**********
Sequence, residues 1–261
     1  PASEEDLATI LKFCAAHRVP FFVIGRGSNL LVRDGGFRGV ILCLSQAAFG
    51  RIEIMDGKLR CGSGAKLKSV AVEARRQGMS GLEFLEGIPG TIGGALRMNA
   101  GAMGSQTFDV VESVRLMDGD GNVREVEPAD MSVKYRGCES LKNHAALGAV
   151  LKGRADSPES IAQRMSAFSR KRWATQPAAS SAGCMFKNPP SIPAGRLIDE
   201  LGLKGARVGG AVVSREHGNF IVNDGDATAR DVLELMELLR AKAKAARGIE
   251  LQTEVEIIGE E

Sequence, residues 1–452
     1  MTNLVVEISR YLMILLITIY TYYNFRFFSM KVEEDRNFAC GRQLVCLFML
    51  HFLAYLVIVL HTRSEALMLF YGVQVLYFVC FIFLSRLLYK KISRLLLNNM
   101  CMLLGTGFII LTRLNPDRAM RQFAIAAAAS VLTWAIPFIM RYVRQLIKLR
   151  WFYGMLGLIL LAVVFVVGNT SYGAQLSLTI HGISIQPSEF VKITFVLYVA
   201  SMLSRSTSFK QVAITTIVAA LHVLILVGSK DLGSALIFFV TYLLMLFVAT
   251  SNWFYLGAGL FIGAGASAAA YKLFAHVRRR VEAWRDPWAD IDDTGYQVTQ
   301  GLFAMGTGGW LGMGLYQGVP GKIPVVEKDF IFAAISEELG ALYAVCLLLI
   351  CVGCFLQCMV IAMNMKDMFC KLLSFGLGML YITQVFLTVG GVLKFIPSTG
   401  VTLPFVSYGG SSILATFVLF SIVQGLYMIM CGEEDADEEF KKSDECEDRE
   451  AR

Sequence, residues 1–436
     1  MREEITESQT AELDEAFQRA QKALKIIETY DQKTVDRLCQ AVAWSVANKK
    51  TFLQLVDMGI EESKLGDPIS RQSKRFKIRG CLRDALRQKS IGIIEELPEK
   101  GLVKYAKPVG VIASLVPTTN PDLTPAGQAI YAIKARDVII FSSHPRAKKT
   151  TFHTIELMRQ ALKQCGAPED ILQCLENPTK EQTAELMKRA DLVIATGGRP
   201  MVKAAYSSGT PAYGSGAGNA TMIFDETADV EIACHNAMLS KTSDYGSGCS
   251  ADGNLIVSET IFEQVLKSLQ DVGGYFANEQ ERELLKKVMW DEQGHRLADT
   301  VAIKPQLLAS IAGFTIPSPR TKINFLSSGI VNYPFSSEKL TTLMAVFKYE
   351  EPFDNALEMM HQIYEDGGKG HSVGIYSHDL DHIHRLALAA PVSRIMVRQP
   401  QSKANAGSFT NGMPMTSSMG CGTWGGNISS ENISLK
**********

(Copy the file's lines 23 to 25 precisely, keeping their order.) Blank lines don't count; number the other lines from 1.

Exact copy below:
   151  TFHTIELMRQ ALKQCGAPED ILQCLENPTK EQTAELMKRA DLVIATGGRP
   201  MVKAAYSSGT PAYGSGAGNA TMIFDETADV EIACHNAMLS KTSDYGSGCS
   251  ADGNLIVSET IFEQVLKSLQ DVGGYFANEQ ERELLKKVMW DEQGHRLADT